Above all others
You suggest that it’s wrong to regard Krishna as “the only Supreme” and others as inferior. But the very meaning of Supreme is “highest,” “ultimate,” “above all others.”
Thus we find in Bhagavad-gita 11.43 that Arjuna says to Lord Krishna, na tvat-samo ’sty abhyadhikah kuto ’nyo: “No one is equal to You, so how could anyone be greater?” The same conclusion is confirmed in the Svetasvatara Upanisad 6.8 (na tat-samas cabhyadhikas ca drsyate).
Lord Siva and other gods are exalted servants of the Supreme Personality of Godhead, and therefore it is proper that one have great respect and devotion toward them also. But still one should understand their true exaltedness as servants of the Supreme Lord, not as independent Lords themselves.
The origin of all the gods and sages
From Chapter Ten of Bhagavad-gita (10.23) you quote Lord Krishna’s statement rudranam sankaras casmi: “Of all the Rudras, I am Siva.” This is fine, but not as evidence that Lord Siva is equal to the Personality of Godhead.
In the same chapter, Lord Krishna says that among beasts He is the lion (10.30), among fishes He is the shark (10.31), among seasons He is spring (10.35), and among cheaters He is gambling (10.36). The point is not that the lion is God, the shark is God, spring is God, or — least of all — that gambling is God. The point is that each of these, in its category, is superlative and by thinking of what is superlative one can ultimately come to think of the Supreme Lord, Krishna, the Personality of Godhead.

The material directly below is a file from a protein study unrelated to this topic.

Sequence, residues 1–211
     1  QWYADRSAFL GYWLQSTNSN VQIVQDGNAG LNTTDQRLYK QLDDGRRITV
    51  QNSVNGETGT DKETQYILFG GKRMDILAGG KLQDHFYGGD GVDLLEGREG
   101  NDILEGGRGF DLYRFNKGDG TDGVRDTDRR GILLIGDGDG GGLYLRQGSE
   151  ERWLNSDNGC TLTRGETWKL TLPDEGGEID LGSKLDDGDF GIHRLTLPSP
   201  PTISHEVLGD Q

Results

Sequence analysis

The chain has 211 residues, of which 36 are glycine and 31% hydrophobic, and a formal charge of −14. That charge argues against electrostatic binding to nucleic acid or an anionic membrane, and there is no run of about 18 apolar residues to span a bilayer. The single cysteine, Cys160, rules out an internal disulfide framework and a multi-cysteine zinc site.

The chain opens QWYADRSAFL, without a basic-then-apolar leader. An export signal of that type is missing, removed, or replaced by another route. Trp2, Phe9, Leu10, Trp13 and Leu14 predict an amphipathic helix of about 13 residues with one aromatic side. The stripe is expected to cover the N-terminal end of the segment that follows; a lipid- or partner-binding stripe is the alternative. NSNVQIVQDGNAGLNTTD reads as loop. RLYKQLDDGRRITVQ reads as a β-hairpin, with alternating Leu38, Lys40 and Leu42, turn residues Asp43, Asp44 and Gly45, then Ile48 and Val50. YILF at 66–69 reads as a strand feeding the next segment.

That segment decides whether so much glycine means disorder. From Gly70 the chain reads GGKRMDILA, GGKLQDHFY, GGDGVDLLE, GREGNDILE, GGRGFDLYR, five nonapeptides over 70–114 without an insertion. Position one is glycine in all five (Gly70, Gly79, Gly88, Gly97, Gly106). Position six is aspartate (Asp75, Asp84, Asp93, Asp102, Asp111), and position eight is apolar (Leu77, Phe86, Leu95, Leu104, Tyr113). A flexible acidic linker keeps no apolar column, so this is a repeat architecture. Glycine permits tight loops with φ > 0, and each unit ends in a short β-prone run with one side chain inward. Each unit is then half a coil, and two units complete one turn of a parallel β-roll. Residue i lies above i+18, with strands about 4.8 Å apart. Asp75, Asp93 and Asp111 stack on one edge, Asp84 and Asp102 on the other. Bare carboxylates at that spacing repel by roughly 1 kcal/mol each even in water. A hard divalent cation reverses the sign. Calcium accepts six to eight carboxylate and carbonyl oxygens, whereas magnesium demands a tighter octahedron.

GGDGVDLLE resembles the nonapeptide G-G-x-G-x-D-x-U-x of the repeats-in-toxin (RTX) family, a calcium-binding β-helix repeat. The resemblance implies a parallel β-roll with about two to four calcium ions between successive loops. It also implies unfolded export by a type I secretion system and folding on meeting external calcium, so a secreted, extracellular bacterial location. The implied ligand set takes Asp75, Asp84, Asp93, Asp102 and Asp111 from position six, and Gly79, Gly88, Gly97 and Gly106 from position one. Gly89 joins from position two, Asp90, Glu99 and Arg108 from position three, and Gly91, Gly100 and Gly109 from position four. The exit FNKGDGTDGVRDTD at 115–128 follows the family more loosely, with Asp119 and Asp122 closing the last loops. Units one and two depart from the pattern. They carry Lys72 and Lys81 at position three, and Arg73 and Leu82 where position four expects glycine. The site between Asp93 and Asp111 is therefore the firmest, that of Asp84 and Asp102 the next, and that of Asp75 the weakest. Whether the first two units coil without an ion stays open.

The entire chapter, in fact, is meant to help us understand that all opulences flow from the ultimate source of everything, Lord Krishna. This is clear from the final verses. There Lord Krishna says (10.40), “Know that all beautiful, glorious, and mighty creations spring from but a spark of My splendor.” And finally (10.41): “But what need is there, Arjuna, for all this detailed knowledge? With a single fragment of Myself I pervade and support this entire universe.”
By the way, in the beginning of the chapter (10.2) Lord Krishna has explicitly stated that none of the gods or sages can know His opulence, because He is the origin of all the gods and sages.
Not limited by name or form
That Krishna is not limited by name or form is also a fact, because Krishna’s name and form are identical with Krishna Himself and therefore have unlimited potency. So when Krishna speaks of Himself by saying “Me,” we need not impose our own interpretation by saying that Krishna is speaking of an impersonal “Supreme Consciousness.” To rightly understand Bhagavad-gita, better to accept Bhagavad-gita as it is. When Krishna says “Me,” He means just what He says. “Me” means the person speaking, who here is Lord Sri Krishna, mentioned throughout Bhagavad-gita as “sri bhagavan,” the Personality of Godhead.